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What is DNS?

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The Domain Name System (DNS) is designed to provide translations, converting hostnames to IP addresses (name resolution) or IP addresses to hostnames (reverse lookup). It also designates the DNS servers (or DNS appliances) which hold the reference DNS information, as well as the DNS protocol used for communication (queries, data transfer…).

DNS brings efficiency to the process of resolving the names of internet sites with their underlying technical addresses, the IP addresses. Hosts across networks are locatable via their IP address. To connect to these hosts, users make use of “friendly names” such as DNS provides a standard naming structure for locating IP-based resources.

Distributed Database

The DNS servers themselves are often referred to as name servers, their main role being to respond to queries from clients or from other name servers. Name servers therefore need to hold the DNS database information for their portion of the namespace, known as a zone. The resolution process executed by a name server can be either recursive or iterative. When processing recursive queries, the name server builds up information about each domain space which can be temporarily stored in the DNS cache. This speeds up processing time for subsequent queries, based on the time-to-live (TTL) specified for cache data.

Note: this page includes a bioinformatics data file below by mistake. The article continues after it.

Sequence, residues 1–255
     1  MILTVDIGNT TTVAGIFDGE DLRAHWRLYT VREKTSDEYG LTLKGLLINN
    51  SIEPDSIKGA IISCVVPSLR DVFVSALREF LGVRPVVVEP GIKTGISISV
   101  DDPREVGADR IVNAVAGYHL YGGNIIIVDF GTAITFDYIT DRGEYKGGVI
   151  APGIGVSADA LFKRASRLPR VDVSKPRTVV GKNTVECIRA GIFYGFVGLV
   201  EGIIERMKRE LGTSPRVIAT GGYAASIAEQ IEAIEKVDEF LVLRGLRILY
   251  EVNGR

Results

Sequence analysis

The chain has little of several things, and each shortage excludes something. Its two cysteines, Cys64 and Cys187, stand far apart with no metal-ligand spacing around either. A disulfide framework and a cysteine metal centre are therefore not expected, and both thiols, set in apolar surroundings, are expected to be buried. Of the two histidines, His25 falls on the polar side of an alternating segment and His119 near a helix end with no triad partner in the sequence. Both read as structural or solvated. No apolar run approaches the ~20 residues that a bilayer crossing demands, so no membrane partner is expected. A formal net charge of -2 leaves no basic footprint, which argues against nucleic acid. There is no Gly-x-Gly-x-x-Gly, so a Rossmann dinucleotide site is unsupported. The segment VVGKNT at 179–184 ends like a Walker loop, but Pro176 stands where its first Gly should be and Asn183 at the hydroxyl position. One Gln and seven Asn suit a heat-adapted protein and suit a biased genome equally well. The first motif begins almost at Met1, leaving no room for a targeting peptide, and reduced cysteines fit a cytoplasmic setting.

DNS Server Types

Name servers can be different types: 1) Authoritative  2) Caching-only  3) Forwarder.  Authoritative DNS servers locally store information about a zone and are fully responsible for the first level content of this zone. Caching-only DNS servers obtain information from authoritative servers and store query answers in cache for later use. Forwarders are designated servers to which a particular subset of queries requiring external resolution are sent.

What is DNS-Authoritative-recursive

DNS Master/Slave

When it comes to managing a DNS zone, name servers are defined as either master or slave. The slave’s main role is to ensure redundancy and spread the load from the clients and other DNS servers. The master zone holds the original copy (the master record) of the database, while the slave zone holds a copy of it.  Zones on the master server are provisioned by the network administrator ideally through an IPAM solution, whereas zones on the slave are automatically populated via zone transfer. The three types of zones used are recursive lookup zone, forward lookup zone and conditional forwarder zone. Data stored in the zone files are in the form of Resource Records (RR), with example RR types including A, AAAA, CNAME, MX and SOA.

DNS Security

DNS is “open by design”, created over 30 years ago with limited focus put on DNS security aspects. It is therefore often targeted by hackers, so requires purpose-built security to mitigate DNS attacks such as DDoS, DNS cache poisoning, Phishing, zero-day attacks and data exfiltration. These can affect both public DNS servers and private DNS servers, and can only be effectively thwarted using DNS analytics and threat intelligence based on internal DNS traffic and external data feeds.